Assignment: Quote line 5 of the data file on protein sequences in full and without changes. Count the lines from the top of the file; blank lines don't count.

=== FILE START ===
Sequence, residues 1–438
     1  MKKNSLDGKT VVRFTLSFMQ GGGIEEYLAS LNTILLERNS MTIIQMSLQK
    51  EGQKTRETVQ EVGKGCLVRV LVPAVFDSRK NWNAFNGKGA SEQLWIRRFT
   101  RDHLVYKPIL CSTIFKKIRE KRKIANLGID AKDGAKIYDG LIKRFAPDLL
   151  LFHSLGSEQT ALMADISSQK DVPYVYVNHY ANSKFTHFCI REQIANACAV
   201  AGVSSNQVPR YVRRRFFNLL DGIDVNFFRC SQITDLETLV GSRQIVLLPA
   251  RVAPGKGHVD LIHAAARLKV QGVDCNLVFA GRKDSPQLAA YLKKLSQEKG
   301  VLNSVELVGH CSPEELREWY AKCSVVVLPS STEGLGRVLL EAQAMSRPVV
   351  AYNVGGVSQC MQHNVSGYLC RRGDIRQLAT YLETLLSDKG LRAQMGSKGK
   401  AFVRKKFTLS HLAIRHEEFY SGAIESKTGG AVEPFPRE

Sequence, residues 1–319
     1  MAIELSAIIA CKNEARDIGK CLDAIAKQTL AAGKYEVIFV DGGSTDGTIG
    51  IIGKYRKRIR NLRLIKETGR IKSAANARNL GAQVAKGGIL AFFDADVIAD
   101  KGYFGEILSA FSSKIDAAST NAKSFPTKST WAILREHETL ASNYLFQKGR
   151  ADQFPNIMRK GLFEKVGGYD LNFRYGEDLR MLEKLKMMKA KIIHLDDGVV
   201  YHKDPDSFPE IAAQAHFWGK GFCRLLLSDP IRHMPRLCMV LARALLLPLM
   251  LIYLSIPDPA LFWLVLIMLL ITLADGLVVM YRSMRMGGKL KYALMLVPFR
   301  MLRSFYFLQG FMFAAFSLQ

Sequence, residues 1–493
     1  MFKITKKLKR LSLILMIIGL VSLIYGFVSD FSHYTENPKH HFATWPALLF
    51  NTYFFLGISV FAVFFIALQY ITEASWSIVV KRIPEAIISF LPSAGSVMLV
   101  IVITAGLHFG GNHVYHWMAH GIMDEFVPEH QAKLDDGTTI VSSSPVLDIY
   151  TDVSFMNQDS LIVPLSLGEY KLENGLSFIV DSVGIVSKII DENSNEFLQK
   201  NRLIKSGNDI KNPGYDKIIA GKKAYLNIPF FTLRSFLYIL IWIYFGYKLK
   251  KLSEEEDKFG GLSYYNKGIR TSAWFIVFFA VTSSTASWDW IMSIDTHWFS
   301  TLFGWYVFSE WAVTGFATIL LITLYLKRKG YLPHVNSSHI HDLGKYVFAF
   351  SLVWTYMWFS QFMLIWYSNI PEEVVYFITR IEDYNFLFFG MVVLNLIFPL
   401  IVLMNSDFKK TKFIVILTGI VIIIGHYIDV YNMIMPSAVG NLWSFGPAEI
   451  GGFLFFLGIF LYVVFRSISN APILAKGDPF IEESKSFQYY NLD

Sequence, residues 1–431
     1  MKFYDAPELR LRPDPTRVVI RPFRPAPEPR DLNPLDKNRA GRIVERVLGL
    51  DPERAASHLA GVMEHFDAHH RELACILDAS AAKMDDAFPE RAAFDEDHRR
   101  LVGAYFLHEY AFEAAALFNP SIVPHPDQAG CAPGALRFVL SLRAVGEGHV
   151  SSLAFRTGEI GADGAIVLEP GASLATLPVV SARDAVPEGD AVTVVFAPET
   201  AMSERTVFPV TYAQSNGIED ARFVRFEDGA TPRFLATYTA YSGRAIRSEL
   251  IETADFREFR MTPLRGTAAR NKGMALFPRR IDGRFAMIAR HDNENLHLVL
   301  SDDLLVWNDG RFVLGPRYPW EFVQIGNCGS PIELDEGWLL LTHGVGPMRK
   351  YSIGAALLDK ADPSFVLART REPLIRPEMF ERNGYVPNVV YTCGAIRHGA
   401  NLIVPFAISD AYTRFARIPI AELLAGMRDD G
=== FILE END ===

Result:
   151  LFHSLGSEQT ALMADISSQK DVPYVYVNHY ANSKFTHFCI REQIANACAV